No More Poems!
“A book in verse that just gets worse,” proclaims the subtitle of Rhett Miller’s hilarious new audiobook, No More Poems, and, assuming “worse” is defined as silly and outrageous, the book delivers in spades. Miller, the lead singer and rhythm guitarist for the alternative country band Old 97’s, uses over-the-top situations and bathroom humor (ample doses of pooping, peeing, burping, and passing gas) to lure young listeners into the magical but too-often neglected world of rhymed verse. Combining the playful rhythms and rhyme schemes of Dr. Seuss and the inventive wordplay and oddball observations of Shel Silverstein, Miller’s poems transform familiar scenes from childhood (doing homework, brushing teeth, fighting with siblings, playing little league baseball) into a world filled with wonder and laughter. It should be noted that Miller’s book is not for everyone. Some parents and children may be uncomfortable with the frequent use of gross-out humor and the occasionally figurative use of violence in the poems. (In one of the earlier poems in the collection, “Brotherly Love,” a mother urges her daughter not to kill her annoying little brother, providing an inventory of the possible methods she might choose.) For those who are a bit more adventurous, however, No More Poems is a spirited, good-natured, often hilarious introduction to the endlessly entertaining possibilities of poetic form. Actor/comedian Nick Offerman, whom many parents will recognize from his role in the popular sitcom, Parks and Recreation, does an admirable job as the reader, delivering Miller’s mischievous verse with a goofy, infectious humor that is certain to appeal to young listeners, but the audio version of Miller’s poetry suffers a bit from the absence of the brilliant illustrations by Dan Santat that helped bring the hard copy version to life.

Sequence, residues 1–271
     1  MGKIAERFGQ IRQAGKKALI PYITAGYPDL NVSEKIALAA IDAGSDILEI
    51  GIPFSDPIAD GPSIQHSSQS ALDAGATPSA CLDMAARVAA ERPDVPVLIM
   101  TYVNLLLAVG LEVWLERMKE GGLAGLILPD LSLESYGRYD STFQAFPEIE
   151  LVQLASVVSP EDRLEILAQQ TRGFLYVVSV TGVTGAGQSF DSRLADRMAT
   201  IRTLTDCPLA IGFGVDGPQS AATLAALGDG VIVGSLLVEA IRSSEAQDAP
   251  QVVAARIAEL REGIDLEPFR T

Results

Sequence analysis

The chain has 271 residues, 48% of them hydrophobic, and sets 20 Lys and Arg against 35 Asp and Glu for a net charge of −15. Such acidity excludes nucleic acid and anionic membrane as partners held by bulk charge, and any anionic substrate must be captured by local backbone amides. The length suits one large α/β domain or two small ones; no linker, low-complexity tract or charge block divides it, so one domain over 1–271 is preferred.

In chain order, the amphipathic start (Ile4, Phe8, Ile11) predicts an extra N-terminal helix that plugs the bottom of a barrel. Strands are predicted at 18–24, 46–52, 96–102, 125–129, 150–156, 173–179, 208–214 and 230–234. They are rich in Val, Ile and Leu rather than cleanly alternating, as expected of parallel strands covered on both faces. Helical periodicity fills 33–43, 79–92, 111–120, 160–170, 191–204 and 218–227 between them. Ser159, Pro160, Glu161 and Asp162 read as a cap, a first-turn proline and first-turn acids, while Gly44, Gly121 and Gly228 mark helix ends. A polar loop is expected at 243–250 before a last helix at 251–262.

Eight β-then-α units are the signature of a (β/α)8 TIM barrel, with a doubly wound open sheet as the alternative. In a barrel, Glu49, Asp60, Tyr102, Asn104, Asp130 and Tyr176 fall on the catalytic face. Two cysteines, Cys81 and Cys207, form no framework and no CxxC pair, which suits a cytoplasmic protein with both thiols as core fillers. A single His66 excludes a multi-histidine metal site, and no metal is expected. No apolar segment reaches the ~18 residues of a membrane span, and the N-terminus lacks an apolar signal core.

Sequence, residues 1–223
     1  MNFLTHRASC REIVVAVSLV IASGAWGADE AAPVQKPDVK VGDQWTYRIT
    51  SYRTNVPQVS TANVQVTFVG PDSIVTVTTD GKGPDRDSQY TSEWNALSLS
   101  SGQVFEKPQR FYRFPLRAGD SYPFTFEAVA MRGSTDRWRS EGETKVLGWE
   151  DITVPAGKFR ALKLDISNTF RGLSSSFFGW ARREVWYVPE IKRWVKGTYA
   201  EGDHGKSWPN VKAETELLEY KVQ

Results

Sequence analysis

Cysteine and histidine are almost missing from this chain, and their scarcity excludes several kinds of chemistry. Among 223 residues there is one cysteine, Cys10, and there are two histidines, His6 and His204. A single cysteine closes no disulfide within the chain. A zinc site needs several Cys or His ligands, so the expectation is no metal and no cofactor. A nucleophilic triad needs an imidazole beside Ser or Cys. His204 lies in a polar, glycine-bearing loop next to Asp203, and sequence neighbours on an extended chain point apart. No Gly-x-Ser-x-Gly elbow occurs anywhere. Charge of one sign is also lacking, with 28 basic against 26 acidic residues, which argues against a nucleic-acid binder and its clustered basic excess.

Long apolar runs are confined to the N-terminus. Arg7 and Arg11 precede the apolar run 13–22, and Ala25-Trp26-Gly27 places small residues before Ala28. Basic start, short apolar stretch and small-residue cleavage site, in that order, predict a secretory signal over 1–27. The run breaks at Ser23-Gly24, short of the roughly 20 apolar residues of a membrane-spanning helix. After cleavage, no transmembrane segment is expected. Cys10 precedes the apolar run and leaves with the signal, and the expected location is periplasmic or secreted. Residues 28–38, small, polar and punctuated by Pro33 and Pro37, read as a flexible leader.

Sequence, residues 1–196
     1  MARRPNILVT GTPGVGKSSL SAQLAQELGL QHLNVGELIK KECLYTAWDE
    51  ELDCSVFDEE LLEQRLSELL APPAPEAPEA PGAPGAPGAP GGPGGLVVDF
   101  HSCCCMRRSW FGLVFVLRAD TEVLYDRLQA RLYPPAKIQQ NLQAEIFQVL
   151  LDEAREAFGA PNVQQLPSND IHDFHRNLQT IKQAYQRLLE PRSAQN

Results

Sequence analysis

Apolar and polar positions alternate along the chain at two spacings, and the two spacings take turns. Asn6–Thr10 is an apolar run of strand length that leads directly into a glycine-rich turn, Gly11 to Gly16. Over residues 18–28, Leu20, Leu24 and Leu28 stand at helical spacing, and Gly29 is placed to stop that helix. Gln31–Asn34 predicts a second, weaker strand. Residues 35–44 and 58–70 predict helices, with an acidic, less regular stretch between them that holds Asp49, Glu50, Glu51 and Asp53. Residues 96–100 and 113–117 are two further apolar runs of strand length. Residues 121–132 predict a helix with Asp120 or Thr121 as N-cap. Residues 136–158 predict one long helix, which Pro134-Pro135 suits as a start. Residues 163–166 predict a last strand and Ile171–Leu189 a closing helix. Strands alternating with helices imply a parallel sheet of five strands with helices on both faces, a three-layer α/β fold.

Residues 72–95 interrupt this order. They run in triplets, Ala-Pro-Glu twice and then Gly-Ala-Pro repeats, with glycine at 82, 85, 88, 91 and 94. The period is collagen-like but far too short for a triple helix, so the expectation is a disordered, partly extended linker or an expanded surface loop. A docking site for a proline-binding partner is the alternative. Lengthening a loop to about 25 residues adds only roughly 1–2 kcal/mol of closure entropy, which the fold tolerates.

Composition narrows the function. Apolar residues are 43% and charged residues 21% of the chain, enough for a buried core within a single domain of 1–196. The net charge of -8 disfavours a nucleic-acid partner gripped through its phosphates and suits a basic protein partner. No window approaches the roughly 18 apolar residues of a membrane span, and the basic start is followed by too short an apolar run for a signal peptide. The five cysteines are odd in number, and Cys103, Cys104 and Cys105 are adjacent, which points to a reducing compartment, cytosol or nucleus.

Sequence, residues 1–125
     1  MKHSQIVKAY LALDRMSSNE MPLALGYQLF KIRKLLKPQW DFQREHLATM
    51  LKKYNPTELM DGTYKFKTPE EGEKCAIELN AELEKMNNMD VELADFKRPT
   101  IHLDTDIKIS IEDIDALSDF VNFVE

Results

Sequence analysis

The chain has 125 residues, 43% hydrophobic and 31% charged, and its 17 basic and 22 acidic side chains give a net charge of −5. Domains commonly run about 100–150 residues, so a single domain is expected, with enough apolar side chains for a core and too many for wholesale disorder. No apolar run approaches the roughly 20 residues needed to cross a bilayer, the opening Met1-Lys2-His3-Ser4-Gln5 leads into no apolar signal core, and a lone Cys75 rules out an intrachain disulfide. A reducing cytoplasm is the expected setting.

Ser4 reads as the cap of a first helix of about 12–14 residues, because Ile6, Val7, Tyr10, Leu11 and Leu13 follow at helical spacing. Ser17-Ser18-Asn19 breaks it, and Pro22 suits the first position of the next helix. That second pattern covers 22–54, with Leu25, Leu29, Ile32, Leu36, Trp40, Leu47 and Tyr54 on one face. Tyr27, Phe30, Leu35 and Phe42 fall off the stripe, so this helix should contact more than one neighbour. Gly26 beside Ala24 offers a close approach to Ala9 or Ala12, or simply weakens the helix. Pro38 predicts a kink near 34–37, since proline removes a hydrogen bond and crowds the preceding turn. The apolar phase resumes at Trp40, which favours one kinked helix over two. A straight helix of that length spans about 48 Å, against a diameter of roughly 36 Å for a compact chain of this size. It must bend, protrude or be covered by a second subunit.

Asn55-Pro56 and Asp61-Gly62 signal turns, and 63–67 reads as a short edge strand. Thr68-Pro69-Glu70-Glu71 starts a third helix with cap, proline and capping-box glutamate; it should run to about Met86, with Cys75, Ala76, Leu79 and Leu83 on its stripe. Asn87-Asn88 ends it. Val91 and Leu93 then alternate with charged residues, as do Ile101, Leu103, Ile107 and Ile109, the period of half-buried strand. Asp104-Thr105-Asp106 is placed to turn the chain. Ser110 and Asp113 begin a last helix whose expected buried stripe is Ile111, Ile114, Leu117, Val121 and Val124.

Running time: 32 minutes
David Shirley ©2019 Parents’ Choice
David Shirley’s recent nonfiction titles include A History of Brooklyn Bridge Park and Fix It Leroy! His YA biographies, Every Day I Sing the Blues: The Story of B. B. King and Satchel Paige: Baseball Legend were honored as the New York Public Library’s Best Books for Teens.